G. Dovey & Son's store. Tho wed
ding was witnessed by the relatives
and a few friends of the contracting
parties. Tho ceremony was per
formed by Rev. W. T. Ratcllffo, of
the Christian church, and consisted
of the beautiful ring for in of service
and was very impressive.
Arthur Evans, of Glenwood, was
best man and Miss Pearl O'Nell, of
Glenwood, was bridesmaid. The
bride wore a beautiful white messl
line silk, and the bride's maid, a blue
silk. The decorations throughout
the parlors and dining room were
white and green.
After th eceremony and congratu
lations of tho happy couple, a sump
He So States in a Speech at
Lincoln Monday Night.
The following is a report of a re
publican meeting held in Lincoln last
Monday evening, at which William
Hayward, republican candidate for
congress, addressed seventy-five
members of the Union Veterans' Re
bublican club:
"William Hayward. first district
republican congressional candidate,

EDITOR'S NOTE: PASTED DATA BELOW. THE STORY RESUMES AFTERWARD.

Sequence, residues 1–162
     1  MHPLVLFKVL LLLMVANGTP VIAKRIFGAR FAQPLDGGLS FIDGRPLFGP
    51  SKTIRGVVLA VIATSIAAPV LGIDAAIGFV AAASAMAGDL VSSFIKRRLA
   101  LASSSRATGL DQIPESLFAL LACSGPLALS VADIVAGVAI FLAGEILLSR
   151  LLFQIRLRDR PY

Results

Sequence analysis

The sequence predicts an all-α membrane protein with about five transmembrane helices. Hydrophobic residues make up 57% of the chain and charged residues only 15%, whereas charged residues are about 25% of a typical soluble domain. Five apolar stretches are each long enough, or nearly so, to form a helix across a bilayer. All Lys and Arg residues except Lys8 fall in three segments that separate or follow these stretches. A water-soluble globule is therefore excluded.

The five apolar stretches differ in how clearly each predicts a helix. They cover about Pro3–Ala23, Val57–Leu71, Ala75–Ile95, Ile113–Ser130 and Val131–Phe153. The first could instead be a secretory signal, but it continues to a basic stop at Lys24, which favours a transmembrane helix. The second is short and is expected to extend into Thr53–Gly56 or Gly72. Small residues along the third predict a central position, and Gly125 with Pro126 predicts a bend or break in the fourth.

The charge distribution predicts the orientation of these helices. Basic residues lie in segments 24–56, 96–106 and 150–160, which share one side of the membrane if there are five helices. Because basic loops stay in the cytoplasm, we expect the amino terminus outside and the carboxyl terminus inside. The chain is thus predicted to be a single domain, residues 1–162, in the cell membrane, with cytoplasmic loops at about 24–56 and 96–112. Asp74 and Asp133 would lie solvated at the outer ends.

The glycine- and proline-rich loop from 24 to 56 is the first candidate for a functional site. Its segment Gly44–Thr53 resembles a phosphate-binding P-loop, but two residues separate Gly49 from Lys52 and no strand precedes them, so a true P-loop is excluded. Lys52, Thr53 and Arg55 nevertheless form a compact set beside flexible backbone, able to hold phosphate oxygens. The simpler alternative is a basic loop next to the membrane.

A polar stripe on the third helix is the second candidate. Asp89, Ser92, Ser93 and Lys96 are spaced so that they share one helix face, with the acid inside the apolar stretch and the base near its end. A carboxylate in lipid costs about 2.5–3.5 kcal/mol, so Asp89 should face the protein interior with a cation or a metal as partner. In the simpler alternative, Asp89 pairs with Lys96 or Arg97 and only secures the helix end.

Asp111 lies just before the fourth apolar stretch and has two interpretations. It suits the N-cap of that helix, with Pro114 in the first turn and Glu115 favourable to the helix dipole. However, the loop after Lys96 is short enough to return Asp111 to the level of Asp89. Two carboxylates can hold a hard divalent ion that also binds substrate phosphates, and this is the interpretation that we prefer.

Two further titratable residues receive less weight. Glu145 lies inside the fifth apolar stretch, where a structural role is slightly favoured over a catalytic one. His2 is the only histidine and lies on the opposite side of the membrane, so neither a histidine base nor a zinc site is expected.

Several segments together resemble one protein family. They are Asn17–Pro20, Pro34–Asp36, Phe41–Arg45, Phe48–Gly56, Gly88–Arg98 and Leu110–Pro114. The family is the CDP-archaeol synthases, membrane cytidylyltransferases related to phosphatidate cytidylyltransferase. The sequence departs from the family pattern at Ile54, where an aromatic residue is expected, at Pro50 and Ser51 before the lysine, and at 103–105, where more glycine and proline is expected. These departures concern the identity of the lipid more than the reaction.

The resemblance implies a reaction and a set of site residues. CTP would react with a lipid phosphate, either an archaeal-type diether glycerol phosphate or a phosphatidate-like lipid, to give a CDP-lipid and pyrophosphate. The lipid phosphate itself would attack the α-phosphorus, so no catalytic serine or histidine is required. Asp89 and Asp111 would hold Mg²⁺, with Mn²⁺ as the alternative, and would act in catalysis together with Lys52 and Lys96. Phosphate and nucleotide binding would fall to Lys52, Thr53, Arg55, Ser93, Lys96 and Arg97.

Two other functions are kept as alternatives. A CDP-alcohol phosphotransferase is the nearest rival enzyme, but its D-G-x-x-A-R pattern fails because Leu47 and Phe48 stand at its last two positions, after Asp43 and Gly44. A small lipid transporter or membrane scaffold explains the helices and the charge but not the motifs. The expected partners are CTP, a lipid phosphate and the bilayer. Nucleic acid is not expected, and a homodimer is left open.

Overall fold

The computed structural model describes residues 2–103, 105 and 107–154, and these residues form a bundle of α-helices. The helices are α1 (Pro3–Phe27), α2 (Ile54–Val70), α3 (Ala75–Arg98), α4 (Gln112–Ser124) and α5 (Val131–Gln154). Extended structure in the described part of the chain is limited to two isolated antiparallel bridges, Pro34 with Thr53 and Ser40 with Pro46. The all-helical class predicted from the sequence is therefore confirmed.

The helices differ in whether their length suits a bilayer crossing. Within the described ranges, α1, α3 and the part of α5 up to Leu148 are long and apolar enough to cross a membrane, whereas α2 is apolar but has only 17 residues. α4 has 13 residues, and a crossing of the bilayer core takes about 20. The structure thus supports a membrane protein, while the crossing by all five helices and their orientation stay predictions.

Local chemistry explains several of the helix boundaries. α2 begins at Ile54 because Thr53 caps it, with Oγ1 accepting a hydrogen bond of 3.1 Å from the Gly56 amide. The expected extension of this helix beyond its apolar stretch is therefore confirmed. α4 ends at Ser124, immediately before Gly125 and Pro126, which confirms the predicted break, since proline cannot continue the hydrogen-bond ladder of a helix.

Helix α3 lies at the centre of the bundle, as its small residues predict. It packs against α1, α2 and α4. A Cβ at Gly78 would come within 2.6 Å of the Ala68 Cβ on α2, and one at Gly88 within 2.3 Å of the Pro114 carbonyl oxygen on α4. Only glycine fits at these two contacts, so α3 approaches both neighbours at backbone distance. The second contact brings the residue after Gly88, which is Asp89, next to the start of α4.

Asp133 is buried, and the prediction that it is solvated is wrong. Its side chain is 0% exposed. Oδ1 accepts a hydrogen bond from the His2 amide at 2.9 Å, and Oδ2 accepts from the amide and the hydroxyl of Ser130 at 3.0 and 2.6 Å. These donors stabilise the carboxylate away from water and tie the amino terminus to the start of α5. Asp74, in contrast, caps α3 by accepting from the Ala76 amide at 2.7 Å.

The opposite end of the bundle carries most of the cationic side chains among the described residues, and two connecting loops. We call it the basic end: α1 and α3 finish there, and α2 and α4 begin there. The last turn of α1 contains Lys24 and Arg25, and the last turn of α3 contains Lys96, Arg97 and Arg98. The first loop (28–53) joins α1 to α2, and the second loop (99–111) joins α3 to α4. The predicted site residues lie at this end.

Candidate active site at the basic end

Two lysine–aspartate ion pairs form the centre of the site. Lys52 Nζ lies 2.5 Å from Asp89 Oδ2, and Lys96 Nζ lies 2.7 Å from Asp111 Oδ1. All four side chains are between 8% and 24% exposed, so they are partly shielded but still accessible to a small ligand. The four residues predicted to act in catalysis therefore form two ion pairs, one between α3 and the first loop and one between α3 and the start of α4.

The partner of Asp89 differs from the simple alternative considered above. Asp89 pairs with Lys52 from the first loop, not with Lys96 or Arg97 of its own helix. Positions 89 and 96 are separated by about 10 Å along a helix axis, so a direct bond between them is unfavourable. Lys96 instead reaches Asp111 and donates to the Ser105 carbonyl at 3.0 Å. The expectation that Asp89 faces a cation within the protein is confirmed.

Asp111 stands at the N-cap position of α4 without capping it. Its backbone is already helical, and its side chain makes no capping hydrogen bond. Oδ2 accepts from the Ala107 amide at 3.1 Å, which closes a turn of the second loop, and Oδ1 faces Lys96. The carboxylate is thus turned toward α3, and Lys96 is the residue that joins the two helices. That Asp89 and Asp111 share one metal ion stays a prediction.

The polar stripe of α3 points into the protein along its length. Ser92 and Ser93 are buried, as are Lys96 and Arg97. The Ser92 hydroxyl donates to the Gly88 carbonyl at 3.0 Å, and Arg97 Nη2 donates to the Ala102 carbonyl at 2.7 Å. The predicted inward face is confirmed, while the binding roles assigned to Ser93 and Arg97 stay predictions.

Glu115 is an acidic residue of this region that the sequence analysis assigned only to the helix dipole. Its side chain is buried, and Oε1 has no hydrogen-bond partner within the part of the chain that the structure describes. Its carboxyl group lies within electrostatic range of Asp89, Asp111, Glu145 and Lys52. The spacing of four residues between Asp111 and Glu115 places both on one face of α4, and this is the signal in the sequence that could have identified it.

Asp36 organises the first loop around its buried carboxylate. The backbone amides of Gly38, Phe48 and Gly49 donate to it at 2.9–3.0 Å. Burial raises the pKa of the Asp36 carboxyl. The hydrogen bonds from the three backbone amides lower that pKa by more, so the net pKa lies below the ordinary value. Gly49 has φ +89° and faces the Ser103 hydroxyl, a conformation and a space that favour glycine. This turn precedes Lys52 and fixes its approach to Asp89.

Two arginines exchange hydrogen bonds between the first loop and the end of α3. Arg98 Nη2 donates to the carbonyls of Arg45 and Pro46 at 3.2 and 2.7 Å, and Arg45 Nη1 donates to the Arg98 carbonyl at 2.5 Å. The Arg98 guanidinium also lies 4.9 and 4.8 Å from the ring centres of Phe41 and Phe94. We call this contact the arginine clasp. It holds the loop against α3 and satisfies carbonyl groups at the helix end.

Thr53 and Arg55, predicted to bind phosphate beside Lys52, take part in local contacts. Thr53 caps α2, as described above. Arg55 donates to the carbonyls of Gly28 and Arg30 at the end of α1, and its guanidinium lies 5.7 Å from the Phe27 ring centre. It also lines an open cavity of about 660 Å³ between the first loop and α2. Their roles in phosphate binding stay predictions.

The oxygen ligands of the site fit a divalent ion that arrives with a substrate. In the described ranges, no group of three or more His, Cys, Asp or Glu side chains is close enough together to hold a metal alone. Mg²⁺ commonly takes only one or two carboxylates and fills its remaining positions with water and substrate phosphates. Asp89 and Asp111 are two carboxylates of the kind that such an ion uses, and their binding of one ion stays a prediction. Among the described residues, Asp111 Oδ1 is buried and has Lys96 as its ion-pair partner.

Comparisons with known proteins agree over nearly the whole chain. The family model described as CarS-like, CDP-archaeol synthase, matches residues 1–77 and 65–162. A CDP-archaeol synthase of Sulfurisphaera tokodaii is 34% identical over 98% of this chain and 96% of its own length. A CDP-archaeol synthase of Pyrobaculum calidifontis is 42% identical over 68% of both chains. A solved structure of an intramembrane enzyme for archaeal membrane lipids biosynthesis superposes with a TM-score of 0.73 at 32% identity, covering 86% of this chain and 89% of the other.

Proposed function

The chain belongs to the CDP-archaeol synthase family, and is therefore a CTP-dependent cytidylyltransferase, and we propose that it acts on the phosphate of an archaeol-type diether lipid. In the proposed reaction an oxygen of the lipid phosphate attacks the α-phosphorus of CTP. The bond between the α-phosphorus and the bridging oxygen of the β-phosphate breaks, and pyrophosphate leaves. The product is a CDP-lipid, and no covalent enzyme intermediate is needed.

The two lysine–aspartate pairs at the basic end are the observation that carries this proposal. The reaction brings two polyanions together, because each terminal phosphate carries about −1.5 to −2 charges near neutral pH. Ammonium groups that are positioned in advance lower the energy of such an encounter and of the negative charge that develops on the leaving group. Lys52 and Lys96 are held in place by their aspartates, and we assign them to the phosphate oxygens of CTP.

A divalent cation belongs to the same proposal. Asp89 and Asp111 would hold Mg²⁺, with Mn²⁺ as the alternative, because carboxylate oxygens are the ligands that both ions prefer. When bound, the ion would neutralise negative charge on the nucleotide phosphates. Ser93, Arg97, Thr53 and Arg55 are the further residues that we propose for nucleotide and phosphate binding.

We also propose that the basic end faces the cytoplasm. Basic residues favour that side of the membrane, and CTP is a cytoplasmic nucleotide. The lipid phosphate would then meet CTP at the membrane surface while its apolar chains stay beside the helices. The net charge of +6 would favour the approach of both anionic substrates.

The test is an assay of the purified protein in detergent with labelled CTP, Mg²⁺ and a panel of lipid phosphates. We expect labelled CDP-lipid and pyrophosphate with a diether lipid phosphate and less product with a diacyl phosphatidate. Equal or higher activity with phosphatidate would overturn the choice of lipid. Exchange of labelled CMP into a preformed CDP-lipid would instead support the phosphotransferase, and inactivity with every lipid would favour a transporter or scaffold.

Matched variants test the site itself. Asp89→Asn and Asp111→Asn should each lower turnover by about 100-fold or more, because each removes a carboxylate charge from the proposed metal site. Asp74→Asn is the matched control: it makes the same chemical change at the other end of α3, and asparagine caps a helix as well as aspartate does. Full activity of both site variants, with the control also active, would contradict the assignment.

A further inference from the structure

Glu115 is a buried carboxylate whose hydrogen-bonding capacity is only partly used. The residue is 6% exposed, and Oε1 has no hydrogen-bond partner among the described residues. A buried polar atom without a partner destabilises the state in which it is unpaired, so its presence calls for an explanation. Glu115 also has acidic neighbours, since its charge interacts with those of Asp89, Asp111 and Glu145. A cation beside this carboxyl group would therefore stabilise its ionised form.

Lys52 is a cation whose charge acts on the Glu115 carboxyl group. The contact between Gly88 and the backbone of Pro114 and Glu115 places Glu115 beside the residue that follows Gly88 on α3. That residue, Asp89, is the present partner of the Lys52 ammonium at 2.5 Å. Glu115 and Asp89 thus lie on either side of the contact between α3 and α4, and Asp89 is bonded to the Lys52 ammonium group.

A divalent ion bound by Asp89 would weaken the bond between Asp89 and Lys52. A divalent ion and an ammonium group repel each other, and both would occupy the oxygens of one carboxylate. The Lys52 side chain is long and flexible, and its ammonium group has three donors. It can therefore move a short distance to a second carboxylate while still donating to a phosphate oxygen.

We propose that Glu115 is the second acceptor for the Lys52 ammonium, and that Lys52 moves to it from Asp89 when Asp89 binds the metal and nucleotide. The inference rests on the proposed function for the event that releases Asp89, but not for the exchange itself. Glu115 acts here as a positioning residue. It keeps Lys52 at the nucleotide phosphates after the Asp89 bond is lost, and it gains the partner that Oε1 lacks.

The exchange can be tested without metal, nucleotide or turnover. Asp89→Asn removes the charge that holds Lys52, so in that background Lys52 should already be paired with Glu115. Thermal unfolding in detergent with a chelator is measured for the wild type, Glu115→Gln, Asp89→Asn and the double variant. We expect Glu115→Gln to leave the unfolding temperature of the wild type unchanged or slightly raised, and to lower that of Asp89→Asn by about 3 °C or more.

and candidates on the state and local
tickets, addressed seventy-live mem
bers of the Union Veterans' Republi
can club at G. A. R. hall last even
ing. Expressions of endorsement of
republican policies, office-holders,
and candidates were given vigorous
applause, Senator Burkett coming In
for a largo share of attention. Reso
lutions favoring tho republican can
didates were pnssed. President Win.
Gilford presided.
"Candidate Haywara rnmo out em
phatically In endorsement of the
Taft administration, characterizing
Taft as the "best progressive of them
all." In this sentiment he was
backed by Grant Martin, nominee
for attorney general, who gave a de
tailed review of what he considered
the salient accomplishments of the